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Chinese Economy Now Largest in the World

February 2015
For decades, the U.S. has had the largest economy in the world, and by a wide margin. Though other countries, such as China and India, have had much more rapid growth in recent years, the U.S. GDP still dwarfs that of any other country. In fact, it’s almost double China’s, at least in terms of nominal GDP. However, the International Monetary Fund (IMF) recently reported that China is the world’s largest economy in one regard: purchasing power parity (PPP). 

First, some background: When comparing the size of economies, normally each country’s GDP is converted to U.S. dollars using current market exchanges rates to create an easy means of comparison. A country’s GDP expressed in U.S. dollars using this method is called its nominal GDP. It is in this regard that the U.S. still towers over every other country. The U.S. nominal GDP is roughly twice the size of China’s economy using this method and multiple times the size of every 
other country. 

But economists have pointed out that nominal GDP doesn’t give us the whole picture. The same goods or services in one country don’t cost the same in another, even taking into account market exchange rates. This is especially true in underdeveloped countries, where goods and services are often much cheaper. Tourists often recognize this concept intuitively when going to a restaurant or market in a less developed country than their own and noticing their money goes much further. Purchasing power parity applies this concept on a much larger scale.  One country may have less money (nominal GDP) than another, but the amount of goods and services that money could buy within that country (PPP) is effectively the same. 

In terms of PPP, the IMF reports that China currently outputs $17.6 trillion in goods and services annually, while the U.S. outputs $17.4 trillion. This may come as a surprise for many who had heard that China’s economy won’t become the world’s largest until 2020 or later. That’s still true, as those estimates are based off nominal GDP estimates, not PPP estimates. Most tend to regard nominal GDP as the more important measurement, because it better states the position of the country in a global economy. However, the reason the PPP estimate is so significant is that the time that China will become the largest economy by any measure is not so far off.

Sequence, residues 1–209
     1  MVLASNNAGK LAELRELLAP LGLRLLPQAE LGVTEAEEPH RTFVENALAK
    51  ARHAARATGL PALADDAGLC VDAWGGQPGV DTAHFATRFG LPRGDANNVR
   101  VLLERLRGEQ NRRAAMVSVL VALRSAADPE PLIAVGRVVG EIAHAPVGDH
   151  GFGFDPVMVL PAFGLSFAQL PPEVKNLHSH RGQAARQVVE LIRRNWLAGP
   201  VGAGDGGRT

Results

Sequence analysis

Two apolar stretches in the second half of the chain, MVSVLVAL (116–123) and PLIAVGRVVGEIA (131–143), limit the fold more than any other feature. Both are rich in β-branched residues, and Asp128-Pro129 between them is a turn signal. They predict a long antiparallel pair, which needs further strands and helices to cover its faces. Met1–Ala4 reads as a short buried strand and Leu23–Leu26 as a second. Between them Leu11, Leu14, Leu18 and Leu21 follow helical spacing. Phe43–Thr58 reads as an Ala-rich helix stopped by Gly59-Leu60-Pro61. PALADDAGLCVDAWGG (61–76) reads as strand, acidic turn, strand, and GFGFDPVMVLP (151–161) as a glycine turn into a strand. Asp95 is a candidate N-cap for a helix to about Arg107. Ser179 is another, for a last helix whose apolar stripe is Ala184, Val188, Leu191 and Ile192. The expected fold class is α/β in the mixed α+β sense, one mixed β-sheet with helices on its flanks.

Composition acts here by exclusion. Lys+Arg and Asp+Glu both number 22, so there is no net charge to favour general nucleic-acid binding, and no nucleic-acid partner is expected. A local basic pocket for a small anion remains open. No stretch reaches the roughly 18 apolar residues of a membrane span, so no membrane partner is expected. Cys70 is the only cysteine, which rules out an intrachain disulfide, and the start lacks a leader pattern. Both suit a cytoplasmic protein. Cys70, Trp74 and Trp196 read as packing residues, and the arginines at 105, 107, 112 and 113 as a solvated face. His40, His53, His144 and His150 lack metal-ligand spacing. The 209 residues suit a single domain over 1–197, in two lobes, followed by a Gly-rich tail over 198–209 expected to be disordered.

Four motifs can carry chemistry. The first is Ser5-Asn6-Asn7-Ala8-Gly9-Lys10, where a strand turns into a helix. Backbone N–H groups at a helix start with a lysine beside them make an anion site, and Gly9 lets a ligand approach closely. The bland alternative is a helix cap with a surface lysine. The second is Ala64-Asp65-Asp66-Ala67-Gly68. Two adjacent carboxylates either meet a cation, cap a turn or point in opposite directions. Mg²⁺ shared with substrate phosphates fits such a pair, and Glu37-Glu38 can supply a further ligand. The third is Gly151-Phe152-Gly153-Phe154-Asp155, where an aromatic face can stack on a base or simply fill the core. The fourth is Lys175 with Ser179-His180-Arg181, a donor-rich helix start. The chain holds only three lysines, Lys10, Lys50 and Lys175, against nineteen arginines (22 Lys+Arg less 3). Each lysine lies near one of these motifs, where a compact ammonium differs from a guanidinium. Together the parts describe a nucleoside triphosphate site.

This isn’t to say that China’s economy is similar to the U.S. economy—far from it. The U.S. still has much more purchasing power globally, even if it has less inside its own borders. While China may be able to purchase more domestic goods, like cars, missiles or soldiers, than the U.S., the U.S. has greater access to foreign goods due to the strength of the dollar. China also has a much larger population than the U.S. This means that while the country’s economy is large, its per capita GDP is drastically lower than the U.S. Additionally, China is still mostly a communist state, and many of the companies are state-run with limited access to foreign investment. However, that is changing as China has been becoming more public. Just last November, China’s Shanghai stock exchange linked up with the Hong Kong exchange to become open to foreign investors. It’s too soon to tell how well the exchange will do, but the long-term implications are significant. 

Does this mean Americans need to start converting their dollars to Yuan and learning Mandarin? No. But it does mean that the global economy, as always, is changing in big ways. If things continue in the direction they are heading, America will soon lose its tenure as the world’s economic leader—in size, at least—and China will step in to take its place.
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Remember that past performance may not indicate future results. Different types of investments involve varying degrees of risk, and there can be no assurance that the future performance of any specific investment, strategy, or product referenced directly or indirectly in this newsletter will be profitable, equal any corresponding historical performance level(s), be suitable for your portfolio or individual situation, or prove successful. You should not assume that any information contained in this newsletter serves as the receipt of personalized investment advice. If a reader has questions regarding the applicability of any specific issue discussed to their individual situation, they are encouraged to consult with a professional adviser. 

This article was written by Advicent Solutions, an entity unrelated to Guidestream Financial, Inc.. The information contained in this article is not intended to be tax, investment, or legal advice, and it may not be relied on for the purpose of avoiding any tax penalties. Guidestream Financial, Inc. does not provide tax or legal advice. You are encouraged to consult with your tax advisor or attorney regarding specific tax issues. © 2014 Advicent Solutions. All rights reserved.

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